A major earthquake is usually followed by a number of aftershocks. Two nights ago, while Peggy was at a conference on end-of-life issues at Cold Spring Harbor having dinner with, among others, James Watson, who still remembers Brooke from many years ago, two friends of Brooke’s were at “dinner” with him in his room at South Davis. Of course, because he hasn’t yet passed the swallow test to determine whether he can eat without aspirating, he isn’t allowed any real food or drink yet. But he is supposed to practice swallowing, to retrain the throat muscles that grow flaccid when they weren’t being used all the time he was in the hospital for pneumonia and the immediate aftershocks of dehydration and excessive use of painkillers that followed.
The two friends and Brooke devised a game: they staged an imaginary meal, designed to let Brooke practice his swallowing exercises. There were supposed to be 82 courses: appetizers, cheeses, wines between courses, red snapper Veracruz style, root vegetables, interspersed with different wines and occasional champagnes, with of course sorbets to cleanse the palate between each course; there was a game course with venison; roast lamb with sage and rosemary, delicacies under glass, and much, much more.
Suddenly, in the middle of this repast, an alarm went off: it turns out that the tube that travels in through Brooke’s right nostril to bring in the liquid diet had gotten plugged up because one of the medication tablets hadn’t been crushed sufficiently. The nurse made various attempts to unplug the line; so did the charge nurse, and then a medic—after two hours of trying, using a wire probe and various solvents, including Coca-Cola (something the oldtimers on the nursing staff swear by), they finally got the plugged tube unplugged. This ended about 10:00 at night, while the two friends were loyally watching. But it plugged up again, and two days later that tube was removed and another placed in through the other nostril; this requires placing the tube with a stiff wire threaded through it, which then serves as the contrast for an x-ray required to be sure the tube leads appropriately to the stomach. It’s not a comfortable process at all, to say the very least.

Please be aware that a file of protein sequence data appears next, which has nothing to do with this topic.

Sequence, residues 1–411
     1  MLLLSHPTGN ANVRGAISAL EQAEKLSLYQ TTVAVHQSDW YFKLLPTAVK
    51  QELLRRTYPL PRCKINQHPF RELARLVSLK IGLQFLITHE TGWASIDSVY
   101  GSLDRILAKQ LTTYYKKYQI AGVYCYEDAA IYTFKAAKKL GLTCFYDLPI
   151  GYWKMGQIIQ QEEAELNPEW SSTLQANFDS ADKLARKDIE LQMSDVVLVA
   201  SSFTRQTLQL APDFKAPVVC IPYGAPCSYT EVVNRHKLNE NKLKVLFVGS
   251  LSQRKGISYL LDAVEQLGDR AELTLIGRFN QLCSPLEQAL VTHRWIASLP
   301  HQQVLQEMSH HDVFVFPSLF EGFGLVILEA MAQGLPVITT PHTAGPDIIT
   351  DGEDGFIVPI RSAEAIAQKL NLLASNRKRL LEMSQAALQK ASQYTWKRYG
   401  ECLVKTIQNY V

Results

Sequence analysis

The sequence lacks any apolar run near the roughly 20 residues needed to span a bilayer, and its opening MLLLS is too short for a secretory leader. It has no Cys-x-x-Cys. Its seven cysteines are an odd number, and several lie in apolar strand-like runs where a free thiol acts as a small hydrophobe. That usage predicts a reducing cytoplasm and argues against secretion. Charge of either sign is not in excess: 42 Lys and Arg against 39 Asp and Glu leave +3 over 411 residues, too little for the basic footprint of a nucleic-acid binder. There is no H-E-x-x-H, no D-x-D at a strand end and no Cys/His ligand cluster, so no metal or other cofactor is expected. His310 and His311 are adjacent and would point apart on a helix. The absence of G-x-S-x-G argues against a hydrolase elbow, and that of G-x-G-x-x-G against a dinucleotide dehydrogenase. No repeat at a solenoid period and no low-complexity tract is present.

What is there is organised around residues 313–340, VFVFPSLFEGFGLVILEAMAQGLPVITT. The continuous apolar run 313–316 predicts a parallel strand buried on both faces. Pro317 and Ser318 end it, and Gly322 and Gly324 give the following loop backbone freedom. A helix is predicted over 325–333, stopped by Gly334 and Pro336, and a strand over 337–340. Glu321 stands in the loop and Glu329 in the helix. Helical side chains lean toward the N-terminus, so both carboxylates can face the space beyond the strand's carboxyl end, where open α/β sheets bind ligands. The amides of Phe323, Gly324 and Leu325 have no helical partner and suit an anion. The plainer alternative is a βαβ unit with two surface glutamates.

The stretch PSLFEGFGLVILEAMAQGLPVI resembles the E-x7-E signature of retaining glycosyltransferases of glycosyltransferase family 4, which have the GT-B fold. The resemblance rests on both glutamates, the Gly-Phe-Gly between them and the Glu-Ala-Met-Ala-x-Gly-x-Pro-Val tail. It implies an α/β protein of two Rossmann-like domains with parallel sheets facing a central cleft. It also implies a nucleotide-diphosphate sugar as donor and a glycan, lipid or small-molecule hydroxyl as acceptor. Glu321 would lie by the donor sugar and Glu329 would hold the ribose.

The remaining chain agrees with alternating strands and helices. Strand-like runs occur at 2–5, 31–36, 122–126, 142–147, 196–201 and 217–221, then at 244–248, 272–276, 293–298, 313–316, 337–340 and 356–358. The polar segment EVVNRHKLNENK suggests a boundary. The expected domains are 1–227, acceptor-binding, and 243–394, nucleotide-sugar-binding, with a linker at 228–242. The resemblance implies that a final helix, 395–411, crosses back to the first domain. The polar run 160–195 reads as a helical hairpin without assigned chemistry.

When Peggy arrived back from her conference—a nonstop trip from JFK straight to the hospital—Brooke was in huge distress, sweating profusely, in extreme discomfort, still saddled with the vent, waiting for the results of the confirmatory x-ray. After a bit of prodding to get the results, showing that the tube was indeed positioned correctly, we could relax a bit, and Brooke managed to enjoy the afternoon with another friend, one describing himself as a three-ring circus of potential diversion for Brooke.
But as we sit together in the evening, what’s apparent is a sense of frustration and perhaps even anger with at least some of modern medicine. True, modern medicine made it possible for Brooke to survive the pneumonia, and certainly would not have otherwise; surviving is the main thing. That was the earthquake, the pneumonia treatments; but it’s the aftershocks that irritate. The fancy hospital bed that, however, you couldn’t really sit up in, and so found yourself lying in the same abjectly supine position for a week; the excessive dehydration, just one of various ways of trying to take water off the lung; the introduction of yet another pain drug in order to try to achieve some relief, but at the same time relying on a collection of older ones as well; and above all, perhaps, the absence of a sense that there was some one medical overseer for all this activity, rather than just a series of interns and residents and attendings who change from one day to another in a modern hospital setting. It’s not that there isn’t someone keeping track of what’s going on, but that the patient doesn’t really see this. But what’s really the subject of frustration and anger is the difficulty of comprehending what’s going on, and what to consent to and what not, where to cooperate and where to complain, when one is already cognitively impaired by the very treatment being given. This isn’t of course just a problem for Brooke or for spinal cord care; it’s a ubiquitous problem in much of modern medicine. Brooke says he doesn’t think the effects of those pain medications have fully worn off quite yet, but he is far, far more alert and intellectually robust than he was just a handful of days ago. And this is partly what allows him to be mad.